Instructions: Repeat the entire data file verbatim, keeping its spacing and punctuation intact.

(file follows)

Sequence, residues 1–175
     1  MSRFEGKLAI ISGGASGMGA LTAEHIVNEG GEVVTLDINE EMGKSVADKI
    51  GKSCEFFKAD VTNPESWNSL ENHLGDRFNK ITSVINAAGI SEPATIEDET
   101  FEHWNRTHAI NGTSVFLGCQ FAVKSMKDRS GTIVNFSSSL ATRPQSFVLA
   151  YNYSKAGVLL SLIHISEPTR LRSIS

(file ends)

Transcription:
Sequence, residues 1–175
     1  MSRFEGKLAI ISGGASGMGA LTAEHIVNEG GEVVTLDINE EMGKSVADKI
    51  GKSCEFFKAD VTNPESWNSL ENHLGDRFNK ITSVINAAGI SEPATIEDET
   101  FEHWNRTHAI NGTSVFLGCQ FAVKSMKDRS GTIVNFSSSL ATRPQSFVLA
   151  YNYSKAGVLL SLIHISEPTR LRSIS